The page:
Chapter 5 of “A Life Worth Living – The Story of Sassy”
CHAPTER 5 – Love Can’t Be Stopped
Sassy’s first health scare with us occurred when she was about a year and a half old – as is common with smaller breeds, Sassy was diagnosed with luxating patella tendons in her rear legs and our vet said her knees would only get worse over time if we didn’t take care of it now. Since her left knee was apparently worse than her right, Anne and Rose chose to have the surgery on that joint first — this event gave us all another glimpse at Sassy’s incredible heart.
The operation was an outpatient procedure and it went well. We brought Sassy home and all watched over her as she rested in Anne’s bed.
“She’s still so small.” Anne was misty-eyed as she stroked Sassy’s fur – still matted from her ordeal.
“Well, looks like she’s going to have another ‘chicken leg’ for a while.” I smiled, watching Sassy’s side gently rise and fall with her peaceful breaths. I then reached over to touch her and, as my hand brushed Anne’s while we stroked Sassy together, I experienced a strange sense of deja vu – Anne crying, our hands on Sassy, Sassy at peace — it all passed so fast that I couldn’t tell if it really happened at all.
I blinked to try to get the vision back, but Anne broke my concentration, “The doctor said she should be back on her feet in a few days.”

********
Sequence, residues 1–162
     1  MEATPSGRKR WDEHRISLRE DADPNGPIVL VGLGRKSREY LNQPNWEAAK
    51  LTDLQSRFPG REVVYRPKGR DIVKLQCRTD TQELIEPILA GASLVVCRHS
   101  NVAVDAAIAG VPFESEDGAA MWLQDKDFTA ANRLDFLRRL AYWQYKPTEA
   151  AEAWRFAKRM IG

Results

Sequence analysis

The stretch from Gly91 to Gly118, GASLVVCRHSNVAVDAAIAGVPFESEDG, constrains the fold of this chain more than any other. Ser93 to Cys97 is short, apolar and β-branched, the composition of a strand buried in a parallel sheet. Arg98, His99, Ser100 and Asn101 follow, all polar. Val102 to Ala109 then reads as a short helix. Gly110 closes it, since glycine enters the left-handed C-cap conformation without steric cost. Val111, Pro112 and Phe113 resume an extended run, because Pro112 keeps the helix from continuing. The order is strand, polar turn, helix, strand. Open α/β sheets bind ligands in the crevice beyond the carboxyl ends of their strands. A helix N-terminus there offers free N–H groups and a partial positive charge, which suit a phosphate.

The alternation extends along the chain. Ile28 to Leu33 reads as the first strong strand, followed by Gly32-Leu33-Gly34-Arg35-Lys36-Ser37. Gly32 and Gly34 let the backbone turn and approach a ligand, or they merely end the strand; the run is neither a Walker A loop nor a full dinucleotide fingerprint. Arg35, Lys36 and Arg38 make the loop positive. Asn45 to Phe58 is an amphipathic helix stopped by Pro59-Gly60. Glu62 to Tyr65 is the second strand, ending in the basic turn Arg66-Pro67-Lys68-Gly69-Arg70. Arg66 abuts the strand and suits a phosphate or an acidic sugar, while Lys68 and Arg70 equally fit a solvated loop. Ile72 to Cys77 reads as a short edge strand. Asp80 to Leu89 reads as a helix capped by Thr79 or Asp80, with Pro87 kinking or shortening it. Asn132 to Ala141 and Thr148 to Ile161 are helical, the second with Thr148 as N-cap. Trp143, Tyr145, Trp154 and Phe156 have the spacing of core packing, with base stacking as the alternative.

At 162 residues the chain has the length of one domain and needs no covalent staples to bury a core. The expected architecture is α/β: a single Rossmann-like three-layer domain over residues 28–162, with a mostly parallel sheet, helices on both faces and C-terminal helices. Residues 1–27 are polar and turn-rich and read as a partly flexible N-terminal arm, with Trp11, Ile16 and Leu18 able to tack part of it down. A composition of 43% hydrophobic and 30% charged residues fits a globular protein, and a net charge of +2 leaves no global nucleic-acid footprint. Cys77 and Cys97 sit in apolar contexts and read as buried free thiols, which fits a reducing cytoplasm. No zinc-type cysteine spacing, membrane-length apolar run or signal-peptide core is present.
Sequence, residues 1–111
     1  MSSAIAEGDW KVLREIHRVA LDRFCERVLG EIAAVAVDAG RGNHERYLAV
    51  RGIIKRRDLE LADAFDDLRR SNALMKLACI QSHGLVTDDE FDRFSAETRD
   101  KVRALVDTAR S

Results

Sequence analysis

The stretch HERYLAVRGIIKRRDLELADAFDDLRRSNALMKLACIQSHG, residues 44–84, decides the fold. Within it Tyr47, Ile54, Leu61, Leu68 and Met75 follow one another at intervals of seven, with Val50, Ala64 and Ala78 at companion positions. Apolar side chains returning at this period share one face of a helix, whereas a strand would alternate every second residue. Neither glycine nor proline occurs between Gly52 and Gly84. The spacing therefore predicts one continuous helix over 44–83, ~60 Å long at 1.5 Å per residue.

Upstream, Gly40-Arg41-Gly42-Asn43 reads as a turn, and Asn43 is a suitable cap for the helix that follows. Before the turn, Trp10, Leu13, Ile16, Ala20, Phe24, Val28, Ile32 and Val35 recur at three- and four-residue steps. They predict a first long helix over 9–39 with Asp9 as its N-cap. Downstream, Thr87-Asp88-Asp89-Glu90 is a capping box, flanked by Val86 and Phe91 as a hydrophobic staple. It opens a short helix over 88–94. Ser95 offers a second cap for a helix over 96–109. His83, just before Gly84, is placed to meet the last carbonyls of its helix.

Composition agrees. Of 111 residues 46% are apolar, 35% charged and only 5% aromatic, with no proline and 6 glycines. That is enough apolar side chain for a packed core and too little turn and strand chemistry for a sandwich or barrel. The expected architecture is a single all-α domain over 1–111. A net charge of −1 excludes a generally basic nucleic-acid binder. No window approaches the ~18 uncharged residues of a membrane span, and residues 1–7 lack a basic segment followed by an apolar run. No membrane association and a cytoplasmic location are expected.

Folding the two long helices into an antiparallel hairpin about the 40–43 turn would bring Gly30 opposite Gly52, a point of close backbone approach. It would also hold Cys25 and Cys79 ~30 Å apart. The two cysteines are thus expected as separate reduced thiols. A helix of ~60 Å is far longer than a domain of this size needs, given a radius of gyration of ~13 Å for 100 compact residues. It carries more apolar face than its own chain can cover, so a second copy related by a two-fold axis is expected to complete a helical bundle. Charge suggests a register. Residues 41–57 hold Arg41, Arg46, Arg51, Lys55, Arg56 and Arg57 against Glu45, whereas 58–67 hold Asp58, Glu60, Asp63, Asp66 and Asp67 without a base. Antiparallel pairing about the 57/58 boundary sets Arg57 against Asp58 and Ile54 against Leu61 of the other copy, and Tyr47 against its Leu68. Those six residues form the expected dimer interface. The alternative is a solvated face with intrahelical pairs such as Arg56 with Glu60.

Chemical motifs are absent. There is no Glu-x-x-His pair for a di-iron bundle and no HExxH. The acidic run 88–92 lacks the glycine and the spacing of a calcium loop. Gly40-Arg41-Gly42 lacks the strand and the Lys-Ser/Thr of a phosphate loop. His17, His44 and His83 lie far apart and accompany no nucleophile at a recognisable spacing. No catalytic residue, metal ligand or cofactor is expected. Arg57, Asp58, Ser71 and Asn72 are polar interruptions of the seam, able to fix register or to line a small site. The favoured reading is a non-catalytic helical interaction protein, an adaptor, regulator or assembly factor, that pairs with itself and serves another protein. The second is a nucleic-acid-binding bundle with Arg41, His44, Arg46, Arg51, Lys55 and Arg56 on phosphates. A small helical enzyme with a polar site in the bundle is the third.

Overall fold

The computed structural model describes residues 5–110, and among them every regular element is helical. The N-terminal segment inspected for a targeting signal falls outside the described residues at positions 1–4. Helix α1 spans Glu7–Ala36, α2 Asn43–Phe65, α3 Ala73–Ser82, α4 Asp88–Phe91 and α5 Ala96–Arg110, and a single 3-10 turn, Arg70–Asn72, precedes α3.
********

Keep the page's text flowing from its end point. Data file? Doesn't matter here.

“Gee, that seems really soon.” I replied. “Won’t that jeopardize how her knee heals?”
“Apparently not. I guess if she stays off it for 48-72 hours that will be enough time.”
“Well, if she was in the wild, she wouldn’t have much choice, right?”
“Sassy in the wild?” Anne giggled. “Now there’s a thought! Heck, you know she won’t even pee in the grass now…”
[Anne’s statement was funny, but not entirely correct — she was referencing the fact that Sassy had discovered a way to go outside to relieve herself which allowed her to pee in the grass but not actually have to stand in it. Due to the way the sidewalks came together outside Anne and Rose’s front door, there was a small patch of grass that came to a vee in just such a way that Sassy had learned how to stand on the sidewalks while also squatting over that grass. It was quite a sight to see — and apparently quite a place to pee since it was now Sassy’s preferred spot].
“So where will Sassy sleep tonight?” I asked. “Are you gonna keep her on the bed with you instead of in her crate like normal?”
“Lord no.” Anne replied. “Sassy loves her crate – it’s like her little cave. She feels protected in there and I want to keep everything else as normal as possible for her. Plus, if she was in bed, I’d be afraid she would fall off or something.”
“But how will you keep her off her knee at night? I thought she had a habit of going back and forth between your mom’s room and your’s at night. Are you gonna actually lock her inside or something?”
“What? Heaven’s no. We never lock her in – she never causes any trouble at night. Yes she does like to move between our rooms, that’s why mom and I each have a crate for her to sleep in, but, trust me, I don’t think Sassy will feel like doing much of anything after she wakes up. The vet said she we can try to feed her but it’s likely she won’t want to eat anything. I’m more concerned about how she’s going to deal with the pain – I just hope she doesn’t cry too much – poor thing.”